8. Creative accounting. Neither Democrats nor Republicans talk about money in a way that anyone versed in GAAP (Generally Accepted Accounting Practices) would accept. Both parties are forever doing things that would get any private company downgraded by honest analysts, audited within an inch of their lives, and sometimes facing criminal charges. Both parties traffic in rosy dreams alternative with false horror stories, depending on circumstance.

9. The belief that our winner take all electoral college system makes sense. This has nothing to do with the wildly disproportionate voting of (mainly Republican) small states' citizens vs. those of large (mainly Democratic) states. It has to do with the fact that nothing prevents us from sending Electors to the Electoral College in proportion to the vote in that state, instead of stiffing the minority--Democrat or Republican--even if it got 49% of the vote. Of course doing this on a state by state basis would advantage one party, but not if all states adopted it. And then instead of every President being picked by the voters of a handful of swing states, everyone in both parties would get their votes counted. That's the only logical thing to do, and both parties refuse to get off the dime.

10. Complicity in the continuing trade embargo of Cuba, while getting in bed with China, whose human rights violations dwarf those of Cuba. Not to mention our good friend Saudi Arabia. We have no consistent correlation between our foreign policy and the human rights status of other countries.

We'll never make headway with the Republicans' war on logic until we end our own.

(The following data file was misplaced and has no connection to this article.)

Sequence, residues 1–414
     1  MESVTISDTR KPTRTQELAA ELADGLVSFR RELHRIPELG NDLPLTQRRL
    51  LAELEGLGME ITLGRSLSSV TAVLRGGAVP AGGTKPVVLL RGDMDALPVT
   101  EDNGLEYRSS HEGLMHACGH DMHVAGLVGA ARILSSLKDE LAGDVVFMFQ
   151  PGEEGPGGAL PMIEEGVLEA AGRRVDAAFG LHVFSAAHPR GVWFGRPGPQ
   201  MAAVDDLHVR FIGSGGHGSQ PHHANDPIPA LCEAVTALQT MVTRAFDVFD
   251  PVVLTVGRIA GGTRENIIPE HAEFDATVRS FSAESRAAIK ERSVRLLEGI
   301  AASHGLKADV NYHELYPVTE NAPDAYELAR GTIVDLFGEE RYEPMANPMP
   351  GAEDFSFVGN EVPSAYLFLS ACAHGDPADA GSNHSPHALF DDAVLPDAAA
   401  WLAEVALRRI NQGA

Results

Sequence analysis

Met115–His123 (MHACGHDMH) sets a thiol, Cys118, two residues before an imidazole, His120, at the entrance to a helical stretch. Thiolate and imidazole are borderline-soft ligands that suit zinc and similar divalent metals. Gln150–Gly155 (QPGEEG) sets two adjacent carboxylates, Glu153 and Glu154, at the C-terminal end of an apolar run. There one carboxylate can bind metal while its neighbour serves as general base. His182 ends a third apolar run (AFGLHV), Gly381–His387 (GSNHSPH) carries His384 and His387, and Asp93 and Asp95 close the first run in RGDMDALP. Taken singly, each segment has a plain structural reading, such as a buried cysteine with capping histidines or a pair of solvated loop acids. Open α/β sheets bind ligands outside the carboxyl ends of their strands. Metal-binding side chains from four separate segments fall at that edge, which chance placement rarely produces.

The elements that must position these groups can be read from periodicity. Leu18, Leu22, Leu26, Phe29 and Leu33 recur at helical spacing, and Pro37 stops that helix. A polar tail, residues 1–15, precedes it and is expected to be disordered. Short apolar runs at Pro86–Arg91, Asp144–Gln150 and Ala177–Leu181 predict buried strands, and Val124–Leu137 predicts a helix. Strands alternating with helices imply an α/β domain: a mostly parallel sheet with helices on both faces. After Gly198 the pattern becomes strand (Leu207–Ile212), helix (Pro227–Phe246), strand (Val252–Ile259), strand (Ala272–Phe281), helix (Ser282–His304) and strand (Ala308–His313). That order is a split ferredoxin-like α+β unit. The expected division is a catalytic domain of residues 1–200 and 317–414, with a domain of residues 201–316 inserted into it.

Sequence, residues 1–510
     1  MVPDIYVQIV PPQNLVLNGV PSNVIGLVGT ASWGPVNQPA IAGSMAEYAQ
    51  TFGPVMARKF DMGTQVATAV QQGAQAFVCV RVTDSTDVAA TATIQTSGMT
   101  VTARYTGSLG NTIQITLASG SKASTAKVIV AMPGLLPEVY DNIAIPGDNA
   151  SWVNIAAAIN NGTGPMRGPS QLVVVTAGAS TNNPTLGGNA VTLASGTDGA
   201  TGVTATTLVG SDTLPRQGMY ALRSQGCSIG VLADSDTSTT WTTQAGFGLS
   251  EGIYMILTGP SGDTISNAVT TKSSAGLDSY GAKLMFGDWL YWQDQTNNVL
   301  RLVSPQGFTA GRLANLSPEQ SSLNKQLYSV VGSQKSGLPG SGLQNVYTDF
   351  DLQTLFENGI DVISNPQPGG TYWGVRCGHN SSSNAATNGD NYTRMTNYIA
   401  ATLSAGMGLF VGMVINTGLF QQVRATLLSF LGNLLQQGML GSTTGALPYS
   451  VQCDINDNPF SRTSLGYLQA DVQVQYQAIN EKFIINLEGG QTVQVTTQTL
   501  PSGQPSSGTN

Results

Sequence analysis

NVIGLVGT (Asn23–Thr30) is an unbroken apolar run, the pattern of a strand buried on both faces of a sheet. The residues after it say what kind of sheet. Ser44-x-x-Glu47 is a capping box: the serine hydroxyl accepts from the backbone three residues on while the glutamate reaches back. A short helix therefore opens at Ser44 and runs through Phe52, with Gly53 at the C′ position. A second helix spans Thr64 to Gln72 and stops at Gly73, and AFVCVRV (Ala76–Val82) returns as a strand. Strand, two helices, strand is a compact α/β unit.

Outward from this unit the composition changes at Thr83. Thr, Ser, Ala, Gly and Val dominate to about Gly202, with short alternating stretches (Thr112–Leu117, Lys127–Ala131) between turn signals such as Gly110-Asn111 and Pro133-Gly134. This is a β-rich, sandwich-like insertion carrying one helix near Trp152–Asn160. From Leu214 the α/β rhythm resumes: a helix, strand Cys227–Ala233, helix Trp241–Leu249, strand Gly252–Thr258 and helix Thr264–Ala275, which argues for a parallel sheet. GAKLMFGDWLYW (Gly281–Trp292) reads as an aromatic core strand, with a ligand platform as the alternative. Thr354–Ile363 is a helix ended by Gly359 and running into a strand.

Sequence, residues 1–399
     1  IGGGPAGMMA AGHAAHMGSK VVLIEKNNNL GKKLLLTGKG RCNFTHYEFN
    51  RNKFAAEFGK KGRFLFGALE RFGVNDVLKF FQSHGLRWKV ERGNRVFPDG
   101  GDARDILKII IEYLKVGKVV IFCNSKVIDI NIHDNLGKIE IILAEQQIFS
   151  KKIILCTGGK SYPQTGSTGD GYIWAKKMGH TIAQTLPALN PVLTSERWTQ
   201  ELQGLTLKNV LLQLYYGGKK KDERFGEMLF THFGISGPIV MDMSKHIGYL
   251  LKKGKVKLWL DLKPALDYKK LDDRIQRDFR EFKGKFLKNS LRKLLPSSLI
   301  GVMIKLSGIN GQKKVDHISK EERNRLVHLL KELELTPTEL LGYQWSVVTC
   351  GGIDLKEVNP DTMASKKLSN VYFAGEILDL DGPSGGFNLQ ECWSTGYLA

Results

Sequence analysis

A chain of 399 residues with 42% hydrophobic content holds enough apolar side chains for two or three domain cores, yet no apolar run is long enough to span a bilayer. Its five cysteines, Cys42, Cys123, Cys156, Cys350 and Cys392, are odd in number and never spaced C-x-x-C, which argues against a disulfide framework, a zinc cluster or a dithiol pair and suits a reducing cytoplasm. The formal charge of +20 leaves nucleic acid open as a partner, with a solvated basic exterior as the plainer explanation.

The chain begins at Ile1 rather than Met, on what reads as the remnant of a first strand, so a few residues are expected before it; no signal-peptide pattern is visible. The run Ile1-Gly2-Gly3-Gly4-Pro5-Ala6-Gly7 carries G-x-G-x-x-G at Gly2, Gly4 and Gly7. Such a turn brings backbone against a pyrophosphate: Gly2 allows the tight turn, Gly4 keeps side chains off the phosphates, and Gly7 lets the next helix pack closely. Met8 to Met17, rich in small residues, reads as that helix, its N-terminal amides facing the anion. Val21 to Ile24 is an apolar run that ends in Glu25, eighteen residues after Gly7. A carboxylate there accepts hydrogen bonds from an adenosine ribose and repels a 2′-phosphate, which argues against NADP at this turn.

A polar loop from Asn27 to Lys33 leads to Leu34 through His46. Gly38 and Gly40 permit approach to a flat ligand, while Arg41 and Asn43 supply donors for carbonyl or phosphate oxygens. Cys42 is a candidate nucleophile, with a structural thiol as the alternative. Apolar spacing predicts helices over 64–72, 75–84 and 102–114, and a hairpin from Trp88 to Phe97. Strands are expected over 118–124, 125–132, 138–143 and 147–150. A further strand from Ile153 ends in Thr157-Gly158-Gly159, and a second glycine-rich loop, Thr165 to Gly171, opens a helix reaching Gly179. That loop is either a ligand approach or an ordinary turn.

1 comment:

n1ck said...

Even though most political rhetoric can be analyzed through many filters to find the truth and non-truth, Americans in general just don't care.

The population of the US was the first population to be mass-indoctrinated through psychology via radio and television advertising to pick a brand and then stick with it.

The Republican and Democrat parties are brands, pure and simple. Yes, there are some political differences, but ultimately, do any of them ever solve any real problems? Or do they sometimes offer a solution that only works for awhile before causing new problems?

Our political system in the US rewards slow, conservative (small c) changes over actual progress. Hence our electoral college which is a complete affront to ANY type of democracy.

Ultimately, neither party is concerned about telling the truth. Instead, they try to maintain their brand image and quality, just like Pepsi and Coke.

Ever notice how here in the US, there are often two big rivalries in the corporate world, with smaller companies subsisting on the periphery, or being bought up by one of the two major corporations?

Coke "products" involve Coke and other companies it bought. Pepsi "products" involve Pepsi and other companies they bought.

The "Tea Party" politicians are all Republicans. Many "green party" candidates are basically environmental Democrats.

We've been branded. This whole country.

Here, please, watch this documentary. It is not only brilliantly made and informative, it is actually entertaining.

"The Century of the Self", by Adam Curtis.

Adam Curtis has made a number of documentaries for the BBC over the years, and I recommend viewing any of them.

Watch at least the first part of "The Century of the Self", and tell me that you don't see how the political parties are just brands, devoid of any type of inherent political logic. They don't care about truth. Just their bottom line (what percentage of the government they control).

You can either torrent the documentary, or watch it on Google Video. Seriously, give it a watch. I think you'll find it to be brilliant.